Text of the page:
In 2009, the European Union adopted high-level goals for renewable energy, energy efficiency, and greenhouse gas reductions with targets set for the year 2020. This was followed in 2012 by adoption of the Energy Efficiency Directive (EED) (2012/27/EU), a major component of which required Member States to create energy efficiency obligations schemes (EEOs) for energy companies, or equivalent alternative measures. These provisions have now been in effect for three years. In 2016, as European institutions consider how to meet clean energy and climate goals through 2030 and beyond, it is important to understand how the Energy Efficiency Directive can be renewed and extended. This paper reviews the main characteristics of the leading EEOs in Europe and the United States, and answers basic questions as to scope and scale to inform European policymakers as they consider extending the EED beyond 2020.
Drawing on data from five Member States—the United Kingdom, Denmark, France, Italy, and Austria—the report explores the full range of costs and benefits of EEOs that need to be considered in future impact assessments and presents our findings on the costs, bill impacts, and multiple benefits of EEOs under Article 7 of the EED. Data from the states of California and Vermont in the United States are included for comparison.
Our analysis shows that, within a few years of adoption, the benefits from EEOs far outweigh the costs. From a long-term perspective, EEOs can substantially reduce energy consumption and bills, delivering benefits to consumers who would otherwise face more exposure to volatile energy prices. Evidence from countries with long-running EEOs also shows energy consumption decreasing over time, which corroborates our findings.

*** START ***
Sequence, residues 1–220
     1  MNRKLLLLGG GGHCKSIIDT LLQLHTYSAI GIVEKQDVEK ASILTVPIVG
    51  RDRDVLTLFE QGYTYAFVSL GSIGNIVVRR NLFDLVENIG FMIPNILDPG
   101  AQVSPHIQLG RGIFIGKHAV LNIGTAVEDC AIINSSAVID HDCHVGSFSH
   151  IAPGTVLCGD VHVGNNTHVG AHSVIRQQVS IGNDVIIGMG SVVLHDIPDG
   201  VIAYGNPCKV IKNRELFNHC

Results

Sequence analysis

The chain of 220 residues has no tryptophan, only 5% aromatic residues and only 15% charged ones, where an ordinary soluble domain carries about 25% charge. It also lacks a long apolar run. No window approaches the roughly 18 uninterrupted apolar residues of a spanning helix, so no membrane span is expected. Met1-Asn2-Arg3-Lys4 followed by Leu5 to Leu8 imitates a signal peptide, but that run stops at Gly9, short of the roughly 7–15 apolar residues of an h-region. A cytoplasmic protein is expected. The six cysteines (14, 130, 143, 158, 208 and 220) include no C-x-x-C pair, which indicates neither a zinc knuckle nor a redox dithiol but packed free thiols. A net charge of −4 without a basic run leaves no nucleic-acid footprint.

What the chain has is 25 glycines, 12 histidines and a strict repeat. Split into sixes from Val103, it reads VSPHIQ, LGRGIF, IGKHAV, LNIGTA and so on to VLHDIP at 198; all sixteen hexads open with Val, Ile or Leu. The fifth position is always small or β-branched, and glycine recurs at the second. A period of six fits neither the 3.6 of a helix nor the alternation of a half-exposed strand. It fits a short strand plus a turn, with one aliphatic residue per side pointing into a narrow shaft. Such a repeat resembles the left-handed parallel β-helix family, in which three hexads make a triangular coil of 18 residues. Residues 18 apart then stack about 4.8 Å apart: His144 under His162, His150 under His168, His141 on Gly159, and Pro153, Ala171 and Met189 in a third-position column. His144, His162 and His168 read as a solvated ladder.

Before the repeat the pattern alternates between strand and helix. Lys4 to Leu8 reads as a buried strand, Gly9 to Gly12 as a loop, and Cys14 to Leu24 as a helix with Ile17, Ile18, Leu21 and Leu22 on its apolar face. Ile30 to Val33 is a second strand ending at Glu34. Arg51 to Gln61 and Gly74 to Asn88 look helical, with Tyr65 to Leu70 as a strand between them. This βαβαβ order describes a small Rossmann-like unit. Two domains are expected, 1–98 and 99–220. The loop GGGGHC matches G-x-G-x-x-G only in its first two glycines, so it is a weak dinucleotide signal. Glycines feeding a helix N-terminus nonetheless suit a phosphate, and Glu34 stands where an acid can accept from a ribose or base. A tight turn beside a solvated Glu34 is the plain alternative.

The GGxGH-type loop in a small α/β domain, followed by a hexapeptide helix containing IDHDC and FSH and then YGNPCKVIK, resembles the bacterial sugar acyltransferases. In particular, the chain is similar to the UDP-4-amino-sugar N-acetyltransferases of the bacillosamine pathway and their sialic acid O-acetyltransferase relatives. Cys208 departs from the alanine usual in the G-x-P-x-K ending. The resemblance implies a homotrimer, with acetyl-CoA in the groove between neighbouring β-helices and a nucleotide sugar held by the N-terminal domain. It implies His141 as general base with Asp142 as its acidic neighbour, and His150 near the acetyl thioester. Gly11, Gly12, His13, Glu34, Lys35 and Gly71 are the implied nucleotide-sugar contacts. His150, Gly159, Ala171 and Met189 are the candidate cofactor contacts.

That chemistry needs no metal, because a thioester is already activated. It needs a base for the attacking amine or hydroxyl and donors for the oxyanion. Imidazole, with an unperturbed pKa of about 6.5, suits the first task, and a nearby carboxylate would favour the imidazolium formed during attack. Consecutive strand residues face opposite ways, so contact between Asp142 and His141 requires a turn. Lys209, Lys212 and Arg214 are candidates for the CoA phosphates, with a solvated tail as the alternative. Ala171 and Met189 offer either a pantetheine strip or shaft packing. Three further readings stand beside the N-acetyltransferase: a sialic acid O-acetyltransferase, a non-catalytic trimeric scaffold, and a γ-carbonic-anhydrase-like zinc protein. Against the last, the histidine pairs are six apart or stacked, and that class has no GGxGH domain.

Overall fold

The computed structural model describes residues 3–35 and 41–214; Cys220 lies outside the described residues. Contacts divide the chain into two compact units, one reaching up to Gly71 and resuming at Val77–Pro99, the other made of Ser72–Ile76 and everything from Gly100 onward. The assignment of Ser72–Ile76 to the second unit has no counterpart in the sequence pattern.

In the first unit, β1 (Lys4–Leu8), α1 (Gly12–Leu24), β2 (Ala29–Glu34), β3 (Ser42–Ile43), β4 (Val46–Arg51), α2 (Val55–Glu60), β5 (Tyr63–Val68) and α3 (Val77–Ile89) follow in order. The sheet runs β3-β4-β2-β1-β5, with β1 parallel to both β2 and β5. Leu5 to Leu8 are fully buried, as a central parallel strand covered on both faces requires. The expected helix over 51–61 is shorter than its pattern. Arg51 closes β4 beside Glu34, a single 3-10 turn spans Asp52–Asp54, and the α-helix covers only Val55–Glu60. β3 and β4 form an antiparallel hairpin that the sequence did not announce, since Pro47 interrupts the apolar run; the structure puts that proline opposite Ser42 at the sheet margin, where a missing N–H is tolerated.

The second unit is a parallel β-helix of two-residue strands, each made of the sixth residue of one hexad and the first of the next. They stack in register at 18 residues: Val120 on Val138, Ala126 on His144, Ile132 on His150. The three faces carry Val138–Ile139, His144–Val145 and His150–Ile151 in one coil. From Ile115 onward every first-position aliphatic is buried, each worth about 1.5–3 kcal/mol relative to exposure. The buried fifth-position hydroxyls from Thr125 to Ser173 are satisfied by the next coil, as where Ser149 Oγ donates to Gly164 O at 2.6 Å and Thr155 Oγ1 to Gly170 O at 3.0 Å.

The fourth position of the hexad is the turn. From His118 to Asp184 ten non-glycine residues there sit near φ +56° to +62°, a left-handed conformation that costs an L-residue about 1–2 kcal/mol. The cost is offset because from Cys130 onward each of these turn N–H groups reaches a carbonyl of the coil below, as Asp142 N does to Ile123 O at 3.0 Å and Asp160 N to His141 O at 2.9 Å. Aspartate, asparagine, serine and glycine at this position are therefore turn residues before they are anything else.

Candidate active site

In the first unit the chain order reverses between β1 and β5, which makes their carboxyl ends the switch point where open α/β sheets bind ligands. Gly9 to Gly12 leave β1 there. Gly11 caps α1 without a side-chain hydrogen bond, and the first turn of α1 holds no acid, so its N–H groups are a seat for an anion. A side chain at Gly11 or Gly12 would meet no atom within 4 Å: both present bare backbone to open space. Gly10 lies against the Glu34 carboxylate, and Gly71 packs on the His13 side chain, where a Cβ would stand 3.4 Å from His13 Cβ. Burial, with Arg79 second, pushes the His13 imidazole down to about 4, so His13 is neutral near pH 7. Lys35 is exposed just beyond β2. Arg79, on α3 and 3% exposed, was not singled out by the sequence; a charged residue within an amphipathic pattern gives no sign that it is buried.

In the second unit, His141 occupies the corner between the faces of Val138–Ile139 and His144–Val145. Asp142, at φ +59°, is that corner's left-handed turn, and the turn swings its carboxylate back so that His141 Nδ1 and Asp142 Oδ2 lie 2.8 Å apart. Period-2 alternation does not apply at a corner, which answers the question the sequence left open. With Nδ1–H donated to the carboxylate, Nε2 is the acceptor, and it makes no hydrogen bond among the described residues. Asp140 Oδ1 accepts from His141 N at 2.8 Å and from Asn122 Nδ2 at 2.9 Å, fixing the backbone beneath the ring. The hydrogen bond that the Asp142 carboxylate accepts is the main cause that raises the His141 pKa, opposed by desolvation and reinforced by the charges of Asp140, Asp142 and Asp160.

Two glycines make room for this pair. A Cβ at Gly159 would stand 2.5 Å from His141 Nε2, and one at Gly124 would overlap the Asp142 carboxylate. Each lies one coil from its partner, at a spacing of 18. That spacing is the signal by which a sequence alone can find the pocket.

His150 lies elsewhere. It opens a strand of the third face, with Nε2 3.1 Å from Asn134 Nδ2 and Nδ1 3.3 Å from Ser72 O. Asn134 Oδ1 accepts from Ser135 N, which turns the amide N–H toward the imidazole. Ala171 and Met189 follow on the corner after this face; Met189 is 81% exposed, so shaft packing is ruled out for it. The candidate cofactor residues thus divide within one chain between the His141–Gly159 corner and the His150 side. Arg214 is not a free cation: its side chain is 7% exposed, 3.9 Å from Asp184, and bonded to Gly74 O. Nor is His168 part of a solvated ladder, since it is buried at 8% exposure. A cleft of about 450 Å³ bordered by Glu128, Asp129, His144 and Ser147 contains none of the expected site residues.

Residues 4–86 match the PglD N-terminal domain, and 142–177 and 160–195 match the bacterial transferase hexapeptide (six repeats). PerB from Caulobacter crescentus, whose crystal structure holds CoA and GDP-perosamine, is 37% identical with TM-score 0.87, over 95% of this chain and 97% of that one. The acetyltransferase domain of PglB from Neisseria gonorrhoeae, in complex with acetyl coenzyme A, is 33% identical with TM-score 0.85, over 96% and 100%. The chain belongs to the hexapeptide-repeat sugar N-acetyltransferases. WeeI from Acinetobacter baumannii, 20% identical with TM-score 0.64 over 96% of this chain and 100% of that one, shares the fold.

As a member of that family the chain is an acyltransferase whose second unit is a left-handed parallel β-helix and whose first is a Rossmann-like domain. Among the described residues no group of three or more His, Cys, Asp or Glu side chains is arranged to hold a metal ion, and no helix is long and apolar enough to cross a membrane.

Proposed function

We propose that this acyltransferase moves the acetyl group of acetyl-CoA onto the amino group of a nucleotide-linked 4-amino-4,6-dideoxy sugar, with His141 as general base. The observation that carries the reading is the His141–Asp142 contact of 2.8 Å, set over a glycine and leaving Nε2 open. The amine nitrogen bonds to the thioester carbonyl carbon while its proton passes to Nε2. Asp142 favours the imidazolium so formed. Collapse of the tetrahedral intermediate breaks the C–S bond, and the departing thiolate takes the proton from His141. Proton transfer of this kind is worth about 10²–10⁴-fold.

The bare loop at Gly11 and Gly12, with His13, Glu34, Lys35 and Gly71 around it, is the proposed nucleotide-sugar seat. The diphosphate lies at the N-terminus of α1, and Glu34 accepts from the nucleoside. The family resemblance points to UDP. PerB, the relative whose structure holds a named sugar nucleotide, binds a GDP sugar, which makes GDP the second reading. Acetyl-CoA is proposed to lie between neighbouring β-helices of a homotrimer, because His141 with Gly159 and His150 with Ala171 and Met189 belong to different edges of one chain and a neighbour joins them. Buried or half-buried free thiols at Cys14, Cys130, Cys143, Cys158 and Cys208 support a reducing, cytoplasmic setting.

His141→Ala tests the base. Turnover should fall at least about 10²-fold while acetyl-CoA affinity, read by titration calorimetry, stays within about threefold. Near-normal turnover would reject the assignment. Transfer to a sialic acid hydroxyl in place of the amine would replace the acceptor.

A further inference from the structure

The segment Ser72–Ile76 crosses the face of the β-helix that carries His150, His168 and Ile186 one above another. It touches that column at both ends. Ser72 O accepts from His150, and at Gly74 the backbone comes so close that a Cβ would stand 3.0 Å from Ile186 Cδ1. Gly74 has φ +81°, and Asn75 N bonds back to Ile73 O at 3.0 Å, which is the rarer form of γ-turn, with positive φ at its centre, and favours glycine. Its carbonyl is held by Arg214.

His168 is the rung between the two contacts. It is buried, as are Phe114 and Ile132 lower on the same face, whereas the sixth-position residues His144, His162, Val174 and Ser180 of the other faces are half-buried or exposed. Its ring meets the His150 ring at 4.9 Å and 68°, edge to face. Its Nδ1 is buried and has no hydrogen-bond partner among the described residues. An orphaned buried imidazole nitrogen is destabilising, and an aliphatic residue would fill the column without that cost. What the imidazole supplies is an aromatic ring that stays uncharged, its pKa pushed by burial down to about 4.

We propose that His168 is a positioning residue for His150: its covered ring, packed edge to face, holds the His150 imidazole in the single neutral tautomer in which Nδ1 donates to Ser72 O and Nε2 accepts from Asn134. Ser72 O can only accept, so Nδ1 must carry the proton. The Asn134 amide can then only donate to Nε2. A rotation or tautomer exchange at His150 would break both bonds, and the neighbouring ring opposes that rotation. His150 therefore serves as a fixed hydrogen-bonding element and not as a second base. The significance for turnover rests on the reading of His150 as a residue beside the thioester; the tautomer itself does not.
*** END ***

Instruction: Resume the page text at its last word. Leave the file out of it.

But EEOs also deliver a wide range of benefits in addition to reduced energy consumption and bill savings for participants—they deliver substantial, measurable savings across energy systems and to society as a whole. These include health benefits, increased comfort, economic stimulus, job creation, cost savings in transmission and distribution, avoided CO2 allowance costs, and air quality improvements.
However, the current practice of largely ignoring those multiple benefits in cost-benefit analyses underestimates the true value of efficiency and sends potentially misleading messages. Methods for carrying out impact assessments and evaluations need to be adjusted to ensure realistic and complete accounting for the multiple benefits, at both the EU and the national level.